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October 19, 2017

Lingnan Professor discusses distinctions between different totalitarian states

(Judith Gibson-Okunieff/ Daily Collegian)

Peter Baehr, a professor at Lingnan University in Hong Kong, spoke on the ethnic and class cleansing that took place under the totalitarian regimes in Nazi Germany and Soviet Russia, on Oct. 5 in Herter Hall.

“Deportation is different from concentration camps, but mass murder was the result of both,” said Baehr, at the lecture entitled “Ethnic Cleansing, Class Cleansing: From Hannah Arendt to Victor Zaslavsky.”

Baehr also spoke on the two main thinkers in the lecture’s title – Arendt and Zaslavsky – explaining the differences between the two thinkers and their views on the two totalitarian regimes. He mentioned how he was particularly passionate in discussing the speakers because he was a personal friend of Zaslavsky’s.

“The main difference between the two is that [Arendt] believed totalitarianism died in 1953 with the death of Joseph Stalin, but Victor believed that after Stalin died the regime morphed into another form of totalitarianism,” said Baehr.

He added that Arendt believed that totalitarianism died after the huge police empire was liquidated and most of the concentration camps were dissolved.

Baehr then went into an explanation of how the two regimes shared a great number of differences, yet also have their fair share of similarities. In Nazi Germany, Adolf Hitler used ethnic cleansing to filter the population in an attempt to ultimately achieve his goal of ethnic purity. On the other hand, Stalin used a method of class cleansing while occupying Poland, where he would target anyone who was wealthy, educated or represented the slightest bit of political opposition.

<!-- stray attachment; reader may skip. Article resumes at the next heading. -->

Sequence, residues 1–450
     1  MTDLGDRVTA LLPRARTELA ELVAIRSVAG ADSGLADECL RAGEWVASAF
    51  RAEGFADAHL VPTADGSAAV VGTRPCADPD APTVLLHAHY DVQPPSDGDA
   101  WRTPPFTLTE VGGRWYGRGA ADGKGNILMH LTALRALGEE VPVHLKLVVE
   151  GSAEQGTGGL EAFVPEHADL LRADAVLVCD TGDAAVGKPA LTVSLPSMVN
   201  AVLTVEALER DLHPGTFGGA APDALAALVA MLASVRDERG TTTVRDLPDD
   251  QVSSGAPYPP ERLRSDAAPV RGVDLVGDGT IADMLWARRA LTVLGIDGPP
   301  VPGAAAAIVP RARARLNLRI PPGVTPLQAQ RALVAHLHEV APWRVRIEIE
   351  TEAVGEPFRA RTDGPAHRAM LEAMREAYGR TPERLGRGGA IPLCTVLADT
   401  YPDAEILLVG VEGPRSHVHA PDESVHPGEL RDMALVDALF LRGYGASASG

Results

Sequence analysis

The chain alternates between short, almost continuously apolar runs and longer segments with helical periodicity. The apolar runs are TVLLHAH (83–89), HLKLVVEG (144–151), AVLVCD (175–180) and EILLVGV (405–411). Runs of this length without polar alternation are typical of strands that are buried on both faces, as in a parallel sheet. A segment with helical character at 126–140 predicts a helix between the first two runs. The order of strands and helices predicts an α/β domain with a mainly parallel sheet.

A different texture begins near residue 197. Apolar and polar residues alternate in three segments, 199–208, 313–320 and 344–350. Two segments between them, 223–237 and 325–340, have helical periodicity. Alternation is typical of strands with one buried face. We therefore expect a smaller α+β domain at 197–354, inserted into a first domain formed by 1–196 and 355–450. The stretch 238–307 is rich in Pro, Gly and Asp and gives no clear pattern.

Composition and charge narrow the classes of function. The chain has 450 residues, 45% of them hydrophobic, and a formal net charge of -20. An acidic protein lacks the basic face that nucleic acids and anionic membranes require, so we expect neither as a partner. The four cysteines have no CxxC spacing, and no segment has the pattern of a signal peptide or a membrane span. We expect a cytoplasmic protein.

“It was an interesting distinction between general terror where anyone can be victimized, and terror based on specific, targeted groups,” said Daniel Gordon, a professor of history at the University of Massachusetts.

According to Baehr, the two totalitarian regimes were using the same methods to achieve two different goals – Germany was trying to achieve racial purity whereas the U.S.S.R. was trying to achieve political uniformity.

Baehr mentioned a specific point in history that took everyone by surprise. The Katyn is a forest in eastern Poland where the Nazis discovered a massive graveyard of around 25,000 Polish officers and reservists. Stalin had these men murdered and then placed the blame on the Nazi Regime.

After Stalin ordered the murders of all 25,000 men, he then had the families of the men deported and sent to Kazakhstan. This journey resulted in the death of 99 percent of the families that were deported due to severe conditions, noted Baehr. This was Stalin’s way to cleanse the population, even if it meant murdering hundreds of thousands of people.

“I now have a new way of looking at totalitarian regimes,” said Micaela Moore, a sophomore English major.

After the lecture, Baehr stated that the one takeaway he wants the audience to have is “to realize how revolutionary [Zaslavsky’s] thinking was in the sense of understanding totalitarian regimes and the concept of ethnic and class cleansing.”

Jordan Freedman can be reached at jafreedman@umass.edu.

Comments
One Response to “Lingnan Professor discusses distinctions between different totalitarian states”
  1. Nitzakhon says:

    Governments have killed over 100 million of their own citizens, just in the 20th century. But then you wonder why gun owners don’t want to be disarmed.

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